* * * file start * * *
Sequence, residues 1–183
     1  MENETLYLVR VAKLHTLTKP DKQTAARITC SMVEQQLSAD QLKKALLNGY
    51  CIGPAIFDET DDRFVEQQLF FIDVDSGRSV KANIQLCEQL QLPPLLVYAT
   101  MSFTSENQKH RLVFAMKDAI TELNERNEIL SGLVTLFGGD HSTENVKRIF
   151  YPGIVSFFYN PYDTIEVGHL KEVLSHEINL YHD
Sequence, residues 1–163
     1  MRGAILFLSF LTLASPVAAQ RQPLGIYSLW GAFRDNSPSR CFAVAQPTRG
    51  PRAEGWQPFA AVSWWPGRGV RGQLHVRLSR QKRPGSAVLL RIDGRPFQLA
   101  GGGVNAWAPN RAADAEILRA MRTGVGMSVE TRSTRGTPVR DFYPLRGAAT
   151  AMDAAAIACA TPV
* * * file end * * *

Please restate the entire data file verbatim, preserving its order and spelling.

Sequence, residues 1–183
     1  MENETLYLVR VAKLHTLTKP DKQTAARITC SMVEQQLSAD QLKKALLNGY
    51  CIGPAIFDET DDRFVEQQLF FIDVDSGRSV KANIQLCEQL QLPPLLVYAT
   101  MSFTSENQKH RLVFAMKDAI TELNERNEIL SGLVTLFGGD HSTENVKRIF
   151  YPGIVSFFYN PYDTIEVGHL KEVLSHEINL YHD
Sequence, residues 1–163
     1  MRGAILFLSF LTLASPVAAQ RQPLGIYSLW GAFRDNSPSR CFAVAQPTRG
    51  PRAEGWQPFA AVSWWPGRGV RGQLHVRLSR QKRPGSAVLL RIDGRPFQLA
   101  GGGVNAWAPN RAADAEILRA MRTGVGMSVE TRSTRGTPVR DFYPLRGAAT
   151  AMDAAAIACA TPV